Pulling up a seat at the counter has been given new meaning by chef Matt Lightner. At his New York restaurant Atera there are seats at the stylized counter for only 18, but diners are in for a 22-course tasting menu that conjures the wild (foraged foods, that is), and the wildly experimental (such as gin-cured diver scallops with juniper-infused meringue or sweetbreads in hazelnut-toffee sauce), often served on natural elements like moss or stone. Just six months after opening, in 2012, Atera was awarded two Michelin stars.

Lightner soaked up the inventiveness and the technique when doing an 18-month stint at Andoni Aduriz’s renowned Mugaritz, in Spain, and an apprenticeship at Noma, that Scandinavian homage to the fresh and foraged. But Lightner was a forager long before his international adventures. In 2001 he graduated from the Western Culinary Institute in Portland, Oregon, ground zero for Pacific Northwest hunters and gatherers, and cooked with chef Philippe Boulot, an elegant champion of the seasonal, formerly of The Heathman.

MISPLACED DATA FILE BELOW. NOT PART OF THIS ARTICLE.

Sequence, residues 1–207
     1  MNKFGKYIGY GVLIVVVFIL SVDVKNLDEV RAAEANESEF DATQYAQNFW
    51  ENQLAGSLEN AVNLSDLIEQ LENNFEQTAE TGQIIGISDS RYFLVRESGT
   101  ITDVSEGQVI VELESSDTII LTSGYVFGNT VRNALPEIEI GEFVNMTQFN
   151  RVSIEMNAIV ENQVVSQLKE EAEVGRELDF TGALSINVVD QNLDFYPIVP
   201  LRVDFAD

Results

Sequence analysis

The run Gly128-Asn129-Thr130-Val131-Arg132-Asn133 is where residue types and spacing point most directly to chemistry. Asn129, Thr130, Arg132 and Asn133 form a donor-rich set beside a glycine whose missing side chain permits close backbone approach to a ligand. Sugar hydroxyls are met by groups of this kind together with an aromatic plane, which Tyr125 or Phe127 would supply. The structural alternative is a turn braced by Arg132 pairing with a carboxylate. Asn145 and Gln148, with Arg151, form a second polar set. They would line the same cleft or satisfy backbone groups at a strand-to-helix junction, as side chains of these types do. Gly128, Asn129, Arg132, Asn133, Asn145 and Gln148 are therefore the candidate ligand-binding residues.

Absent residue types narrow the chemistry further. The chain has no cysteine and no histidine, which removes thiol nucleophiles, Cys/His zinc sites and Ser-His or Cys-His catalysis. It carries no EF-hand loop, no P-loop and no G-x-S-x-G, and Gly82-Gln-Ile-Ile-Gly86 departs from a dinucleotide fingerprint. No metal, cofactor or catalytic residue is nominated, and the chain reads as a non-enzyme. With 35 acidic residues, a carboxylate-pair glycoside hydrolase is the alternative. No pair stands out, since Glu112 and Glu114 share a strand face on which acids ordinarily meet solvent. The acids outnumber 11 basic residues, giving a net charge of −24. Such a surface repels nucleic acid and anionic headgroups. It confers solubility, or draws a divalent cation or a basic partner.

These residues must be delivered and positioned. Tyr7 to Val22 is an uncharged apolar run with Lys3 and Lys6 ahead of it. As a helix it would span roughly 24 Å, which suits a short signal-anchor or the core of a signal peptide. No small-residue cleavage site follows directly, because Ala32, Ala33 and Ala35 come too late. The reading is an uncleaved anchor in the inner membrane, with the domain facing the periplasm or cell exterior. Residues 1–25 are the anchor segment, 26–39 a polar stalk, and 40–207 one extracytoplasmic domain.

After a stint as chef de cuisine at Del Mar, California’s L’Auberge, Lightner returned to Portland as executive chef at Castagna, where he was named one of Food & Wine’s “Best New Chefs in America” in 2010, received nominations for Rising Star Chef by the James Beard Foundation in both 2010 and 2011, and was included in Restaurant Hospitality’s list of “10 Chefs to Watch” in 2010.

Now, with the cutting-edge Atera (the name means “to go out” in Basque), Lightner is on a whole new trip: “We want people to have fun, and to discover food,” he says. “We want them to go through a rediscovery process.”